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Dealers Might Try To Sell You These Three Things, Don't Buy Them

Buying a car in this economy, be it brand-new or used, is a straight-up challenge. You want the best bang for your buck, but the market is not entertaining any interesting or attractive deals. Everyone is trying to sell vehicles priced as high as possible since, you know… Inflation and other global problems are not going away anytime soon. What you can do is avoid these three offerings that might seem like a good idea. They aren’t!
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For starters, we must acknowledge those dealers that are honest and are not trying to make their customers pay more than what’s necessary or already agreed upon for a car. Adding all kinds of extras that are not in any way, shape, or form necessary is not something these entities do. If you do or did business with them, don’t forget who they are. They are not that common nowadays.

Next, the first thing you should avoid from the list of things dealers might try to sell you is the third-party warranty that may be branded as an extended service contract or simply as a warranty. Besides being expensive, it is not going to help you much if you’re having serious car problems. It’s no match for what the manufacturer offers.

In most cases, these warranties are offered by small companies that may be even headquartered out of state. That’s why customers usually don’t receive a document that says what that warranty specifically covers. You pay the money and the dealership gets its cut, but you don’t know what you get. The car’s yours, but the warranty that’s already paid for is not properly explained. You might want to sue, but you’ll lose if you can’t prove what you bought exactly.Don't fall into the trap!
There have also been cases in the U.S. where dealers were doing shady stuff like selling warranties and getting the money for them, but the cash never got to the company that offered this type of product. If asked about it or if someone submitted a claim, they’d just say they forgot to submit the paperwork.

If a third-party warranty is something you’d like to have, ask questions about it, request some details, check its availability, review the costs it covers specifically, or check the maximum amount you’ll be able to use in case of repairs that are needed often is. You might be surprised to learn the third-party warranty can be used only for cheap replacements of some small parts or just checks that are usually offered for free by businesses that want to have you as a customer. Some might even tempt you with covering rental costs, but that’s not going to be available for the entire time your car awaits a mechanic’s touch.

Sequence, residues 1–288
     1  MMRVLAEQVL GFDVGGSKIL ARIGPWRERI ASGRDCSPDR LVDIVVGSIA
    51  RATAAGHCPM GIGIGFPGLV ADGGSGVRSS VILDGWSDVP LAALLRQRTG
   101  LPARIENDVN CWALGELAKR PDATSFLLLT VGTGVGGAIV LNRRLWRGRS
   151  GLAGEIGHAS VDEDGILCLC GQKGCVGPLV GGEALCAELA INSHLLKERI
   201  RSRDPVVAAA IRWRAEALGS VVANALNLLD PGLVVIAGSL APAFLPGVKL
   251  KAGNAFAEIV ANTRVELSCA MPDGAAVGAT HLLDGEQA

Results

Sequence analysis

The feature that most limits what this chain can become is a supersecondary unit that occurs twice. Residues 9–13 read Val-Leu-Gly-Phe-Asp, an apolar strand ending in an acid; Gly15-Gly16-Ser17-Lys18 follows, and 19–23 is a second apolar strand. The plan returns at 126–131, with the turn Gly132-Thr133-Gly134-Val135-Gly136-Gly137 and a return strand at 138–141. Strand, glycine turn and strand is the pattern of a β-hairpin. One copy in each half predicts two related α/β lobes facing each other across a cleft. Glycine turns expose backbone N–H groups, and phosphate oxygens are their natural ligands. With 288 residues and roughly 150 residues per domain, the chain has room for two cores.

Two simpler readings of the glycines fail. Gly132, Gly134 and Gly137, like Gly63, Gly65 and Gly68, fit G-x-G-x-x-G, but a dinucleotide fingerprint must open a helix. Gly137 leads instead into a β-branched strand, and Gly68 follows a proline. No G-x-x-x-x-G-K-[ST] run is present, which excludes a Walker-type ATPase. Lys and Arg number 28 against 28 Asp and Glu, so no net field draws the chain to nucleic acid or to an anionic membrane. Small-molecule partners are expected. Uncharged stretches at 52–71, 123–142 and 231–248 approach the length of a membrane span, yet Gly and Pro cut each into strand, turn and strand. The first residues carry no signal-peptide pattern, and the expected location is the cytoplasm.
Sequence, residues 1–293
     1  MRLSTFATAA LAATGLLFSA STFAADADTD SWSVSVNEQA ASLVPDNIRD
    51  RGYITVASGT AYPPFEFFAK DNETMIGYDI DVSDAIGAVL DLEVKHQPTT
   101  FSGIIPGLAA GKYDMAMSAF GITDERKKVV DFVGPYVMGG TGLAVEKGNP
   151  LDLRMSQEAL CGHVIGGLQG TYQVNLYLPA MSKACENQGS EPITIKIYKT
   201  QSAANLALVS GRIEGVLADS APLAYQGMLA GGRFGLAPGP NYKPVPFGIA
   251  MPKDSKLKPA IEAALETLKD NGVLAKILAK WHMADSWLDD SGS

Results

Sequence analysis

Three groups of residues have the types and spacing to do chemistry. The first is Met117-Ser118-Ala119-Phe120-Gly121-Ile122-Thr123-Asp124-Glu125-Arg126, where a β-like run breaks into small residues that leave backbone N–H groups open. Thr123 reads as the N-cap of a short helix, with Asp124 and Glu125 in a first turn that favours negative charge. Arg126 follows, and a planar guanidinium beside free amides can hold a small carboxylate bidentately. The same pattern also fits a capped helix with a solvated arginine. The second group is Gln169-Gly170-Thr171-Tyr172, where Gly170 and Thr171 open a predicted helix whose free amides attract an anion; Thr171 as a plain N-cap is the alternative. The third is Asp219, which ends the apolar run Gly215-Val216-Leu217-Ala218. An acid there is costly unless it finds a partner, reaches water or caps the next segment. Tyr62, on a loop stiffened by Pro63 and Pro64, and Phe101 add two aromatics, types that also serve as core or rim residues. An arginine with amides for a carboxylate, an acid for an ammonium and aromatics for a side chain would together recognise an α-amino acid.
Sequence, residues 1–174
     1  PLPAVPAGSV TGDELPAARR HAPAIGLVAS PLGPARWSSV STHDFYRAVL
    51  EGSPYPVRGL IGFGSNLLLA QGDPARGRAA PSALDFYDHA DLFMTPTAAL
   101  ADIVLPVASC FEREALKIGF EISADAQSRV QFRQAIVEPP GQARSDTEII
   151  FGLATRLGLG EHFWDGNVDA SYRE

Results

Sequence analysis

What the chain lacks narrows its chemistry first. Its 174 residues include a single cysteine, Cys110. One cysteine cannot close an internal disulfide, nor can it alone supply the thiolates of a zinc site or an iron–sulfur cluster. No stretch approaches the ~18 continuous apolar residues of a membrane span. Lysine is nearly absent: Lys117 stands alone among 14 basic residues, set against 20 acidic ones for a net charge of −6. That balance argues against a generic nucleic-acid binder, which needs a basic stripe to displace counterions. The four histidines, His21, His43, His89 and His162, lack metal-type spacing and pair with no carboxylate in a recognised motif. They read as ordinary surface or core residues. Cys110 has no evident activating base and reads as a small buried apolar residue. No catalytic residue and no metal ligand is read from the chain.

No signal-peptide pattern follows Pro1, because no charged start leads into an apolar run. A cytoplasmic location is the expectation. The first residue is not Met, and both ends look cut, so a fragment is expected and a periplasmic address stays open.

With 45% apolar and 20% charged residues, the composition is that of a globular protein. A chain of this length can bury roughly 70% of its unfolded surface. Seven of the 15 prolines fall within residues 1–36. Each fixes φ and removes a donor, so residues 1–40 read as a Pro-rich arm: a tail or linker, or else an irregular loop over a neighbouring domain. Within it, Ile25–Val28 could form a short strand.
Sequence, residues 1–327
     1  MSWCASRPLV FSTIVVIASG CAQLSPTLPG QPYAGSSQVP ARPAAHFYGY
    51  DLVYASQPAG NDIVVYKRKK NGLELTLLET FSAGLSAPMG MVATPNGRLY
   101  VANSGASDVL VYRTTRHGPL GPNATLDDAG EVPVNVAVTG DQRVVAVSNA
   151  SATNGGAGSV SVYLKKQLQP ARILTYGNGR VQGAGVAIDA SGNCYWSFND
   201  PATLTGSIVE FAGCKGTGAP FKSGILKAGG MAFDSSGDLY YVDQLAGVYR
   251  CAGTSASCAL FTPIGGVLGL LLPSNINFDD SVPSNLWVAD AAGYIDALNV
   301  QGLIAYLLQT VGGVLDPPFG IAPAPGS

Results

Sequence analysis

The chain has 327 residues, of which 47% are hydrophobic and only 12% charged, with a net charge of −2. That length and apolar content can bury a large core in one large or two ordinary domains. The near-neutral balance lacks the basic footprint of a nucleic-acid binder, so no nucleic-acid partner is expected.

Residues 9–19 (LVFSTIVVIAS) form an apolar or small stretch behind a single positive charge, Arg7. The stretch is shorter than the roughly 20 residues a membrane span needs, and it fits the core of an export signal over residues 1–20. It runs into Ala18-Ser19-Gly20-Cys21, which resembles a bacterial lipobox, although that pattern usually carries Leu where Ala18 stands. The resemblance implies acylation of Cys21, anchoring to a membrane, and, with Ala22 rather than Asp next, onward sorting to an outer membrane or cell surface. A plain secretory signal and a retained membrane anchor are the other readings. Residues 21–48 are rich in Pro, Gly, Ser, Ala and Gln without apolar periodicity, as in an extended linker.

Be extra careful! Always ask for proof, and always have something in writing that explains the product you’re paying for.Insurances are tricky
Gap insurance is another thing dealers might try to charge you for. This type of product promises to cover the difference between what a leased car or truck is currently worth, and the amount that you owe on it in case of a bad crash. This is particularly aimed at those that didn’t fully pay for their new vehicle and chose to make a down payment so a finance or lease agreement can happen. Gap insurance is basically promising you total coverage in case you’re involved in an accident that wrecks the leased or financed vehicle. You won’t have to pay a thing after the inspectors have done their job.

The product is cheap if you buy it from insurance agents, but some dealers add it and charge a lot more than what’s necessary for it. Keep in mind that gap insurance usually adds just $20 to 30$ more to your annual car financing or leasing costs. Furthermore, some car salespeople might charge for it, and include it as an add-on in your contract, but never actually give you the advantages of this type of insurance.

Similar to a third-party warranty, you should always ask for proof and details if your dealer wants to add GAP insurance to your contract or purchase agreement. You need evidence, contact details, and what deductibles there are! You might want to sue, but it won't be possible without clear proof.Saying it is not the same as proving it
Finally, credit life disability policies are another type of insurance that some dealers might want you to buy. The idea sounds good at first. They’ll tell you that if you pass away, the company will pay a part of the whole loan you had if you were, of course, insured.

The problem is that not many people made claims. Under 1% of those that bought credit life disability insurance with their car actually ended up using it.

Never buy something that’s not properly explained, presented, or offered by a company that is yet to be known for having at least some activity in the space.


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